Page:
At least one Port of Spain mall was closed down by police on Friday, a day after new and tighter restrictions were implemented by the Prime Minister on Thursday.
The mall – Bradford City Mall – was the last of several walk-through malls and plazas that closed their gates in the capital, leaving business owners in the malls to stop business completely or sell their goods on the street.
John Saba, store manager at Bradford Mall, told Newsday the store partitioned itself off from the rest of the mall, but police still said it was in breach of the regulations.
“We were just visited by three officers who said we were in breach of the law and the building was designed as a mall. Even though we isolated the front from the back, it is still a mall,” Saba said.
“It is kind of unfair, because if it is a mall, you enter here (Henry Street) and you exit on Charlotte Street. But now we are no different from Rattans across the street, or Detour.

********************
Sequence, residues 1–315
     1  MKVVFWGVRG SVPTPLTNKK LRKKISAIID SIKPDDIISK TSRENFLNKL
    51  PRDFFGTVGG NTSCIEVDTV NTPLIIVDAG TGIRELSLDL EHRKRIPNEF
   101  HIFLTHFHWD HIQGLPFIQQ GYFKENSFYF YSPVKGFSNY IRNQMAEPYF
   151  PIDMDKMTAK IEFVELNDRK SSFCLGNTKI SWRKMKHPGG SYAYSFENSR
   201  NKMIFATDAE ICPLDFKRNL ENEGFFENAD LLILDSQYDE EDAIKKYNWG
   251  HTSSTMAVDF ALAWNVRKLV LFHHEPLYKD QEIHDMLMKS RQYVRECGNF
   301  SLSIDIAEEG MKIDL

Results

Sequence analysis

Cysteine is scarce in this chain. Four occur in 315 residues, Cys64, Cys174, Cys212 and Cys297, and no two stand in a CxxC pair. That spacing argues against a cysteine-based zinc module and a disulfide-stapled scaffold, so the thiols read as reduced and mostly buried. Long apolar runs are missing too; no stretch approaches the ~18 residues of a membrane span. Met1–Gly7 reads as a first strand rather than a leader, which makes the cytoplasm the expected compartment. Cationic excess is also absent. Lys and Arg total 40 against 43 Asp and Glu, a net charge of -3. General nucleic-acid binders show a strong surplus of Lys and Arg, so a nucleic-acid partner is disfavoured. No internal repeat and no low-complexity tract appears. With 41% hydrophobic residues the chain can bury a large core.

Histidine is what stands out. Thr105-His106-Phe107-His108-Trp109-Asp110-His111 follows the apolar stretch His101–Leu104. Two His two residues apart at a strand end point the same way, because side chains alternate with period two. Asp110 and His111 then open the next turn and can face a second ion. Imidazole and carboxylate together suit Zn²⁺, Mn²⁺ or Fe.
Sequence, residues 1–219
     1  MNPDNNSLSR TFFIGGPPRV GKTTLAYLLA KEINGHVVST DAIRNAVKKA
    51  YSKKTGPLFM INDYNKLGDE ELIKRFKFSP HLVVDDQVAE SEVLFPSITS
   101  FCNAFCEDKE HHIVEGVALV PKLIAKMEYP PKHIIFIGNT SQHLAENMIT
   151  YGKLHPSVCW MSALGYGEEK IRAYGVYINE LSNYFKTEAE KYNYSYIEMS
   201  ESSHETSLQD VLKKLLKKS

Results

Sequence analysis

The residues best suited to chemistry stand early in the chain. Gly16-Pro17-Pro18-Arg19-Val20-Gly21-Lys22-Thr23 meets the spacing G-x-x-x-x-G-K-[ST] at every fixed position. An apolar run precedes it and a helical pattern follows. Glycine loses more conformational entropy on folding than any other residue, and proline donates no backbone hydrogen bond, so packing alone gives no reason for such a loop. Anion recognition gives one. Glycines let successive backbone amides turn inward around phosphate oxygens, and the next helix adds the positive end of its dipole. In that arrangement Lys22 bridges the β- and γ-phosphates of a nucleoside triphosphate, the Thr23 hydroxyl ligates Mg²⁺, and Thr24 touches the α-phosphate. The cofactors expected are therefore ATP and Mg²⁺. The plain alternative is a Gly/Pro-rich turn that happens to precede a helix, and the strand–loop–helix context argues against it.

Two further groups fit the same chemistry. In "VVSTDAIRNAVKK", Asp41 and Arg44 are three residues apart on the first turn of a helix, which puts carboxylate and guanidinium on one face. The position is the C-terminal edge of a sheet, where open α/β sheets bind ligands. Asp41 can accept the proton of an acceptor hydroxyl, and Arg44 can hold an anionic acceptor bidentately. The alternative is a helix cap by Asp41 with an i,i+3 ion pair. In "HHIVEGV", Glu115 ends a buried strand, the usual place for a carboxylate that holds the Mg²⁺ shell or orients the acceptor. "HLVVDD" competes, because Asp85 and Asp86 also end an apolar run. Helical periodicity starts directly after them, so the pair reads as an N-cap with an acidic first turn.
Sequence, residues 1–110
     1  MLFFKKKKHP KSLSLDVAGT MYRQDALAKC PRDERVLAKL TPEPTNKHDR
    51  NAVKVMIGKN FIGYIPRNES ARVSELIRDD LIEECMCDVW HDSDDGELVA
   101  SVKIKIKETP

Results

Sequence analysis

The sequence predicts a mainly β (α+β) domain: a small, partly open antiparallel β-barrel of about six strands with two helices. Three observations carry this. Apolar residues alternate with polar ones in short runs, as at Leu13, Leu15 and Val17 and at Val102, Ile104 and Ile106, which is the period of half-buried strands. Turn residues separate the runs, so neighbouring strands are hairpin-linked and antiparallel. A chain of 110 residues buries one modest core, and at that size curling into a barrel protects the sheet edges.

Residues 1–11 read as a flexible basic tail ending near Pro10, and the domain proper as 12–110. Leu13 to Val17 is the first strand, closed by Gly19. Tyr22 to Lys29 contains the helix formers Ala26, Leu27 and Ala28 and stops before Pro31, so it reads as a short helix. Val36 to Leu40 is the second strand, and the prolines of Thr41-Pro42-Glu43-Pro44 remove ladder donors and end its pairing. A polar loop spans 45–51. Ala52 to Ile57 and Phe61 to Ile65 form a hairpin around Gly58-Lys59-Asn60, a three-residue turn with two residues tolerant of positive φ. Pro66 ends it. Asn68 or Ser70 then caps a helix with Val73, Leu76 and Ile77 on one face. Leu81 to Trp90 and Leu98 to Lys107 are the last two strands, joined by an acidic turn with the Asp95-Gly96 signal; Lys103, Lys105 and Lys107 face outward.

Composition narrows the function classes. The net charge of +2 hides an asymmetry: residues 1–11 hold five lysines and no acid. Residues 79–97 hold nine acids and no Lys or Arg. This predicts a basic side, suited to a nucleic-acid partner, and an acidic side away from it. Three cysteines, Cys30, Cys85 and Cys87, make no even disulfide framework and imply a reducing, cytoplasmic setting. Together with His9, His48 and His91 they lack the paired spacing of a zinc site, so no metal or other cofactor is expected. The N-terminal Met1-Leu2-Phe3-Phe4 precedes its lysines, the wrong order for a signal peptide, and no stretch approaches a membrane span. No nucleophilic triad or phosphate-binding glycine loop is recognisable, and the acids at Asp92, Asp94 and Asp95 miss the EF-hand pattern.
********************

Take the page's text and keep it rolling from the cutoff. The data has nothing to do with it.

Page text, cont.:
"The officers were a little ignorant, but we still complied.”
Stores like Detour remained open despite its ability to encourage foot traffic through the store. Other stores next to mall entrances remained open and undisturbed.
Saba told Newsday the store has a Facebook page on which it takes orders and advertises. He said he hoped the traffic online would be enough to keep the business going, but added that business was really slow.
“From the first lockdown there was a drastic decline,” he said.
Some mall store owners said they took their items and began to sell on the streets.
One Aboutique Mall store owner who calls himself John Johns, told Newsday he was selling his wares out of the trunk of his car.
“Keith Rowley didn’t care about what he did when he put those restrictions. We have to run the risk of getting robbed and hope that the men in town know you so they wouldn’t target you.”
Downtown Owners and Merchants Association president Gregory Aboud told Newsday all business owners were advised to do their best to comply with the new regulations.
“And they are doing that,” Aboud said.
At a media conference in Tobago on Thursday, Dr Rowley announced that as of midnight on Thursday, bars, restaurants, malls, places of worship, casinos, cinemas, theatres and nightclubs were to be closed.
The public service will only offer essential services according to the new restrictions. Flights to Tobago are limited to three times a day and the seabridge would only operate at 25 per cent capacity. Eco-tours are banned.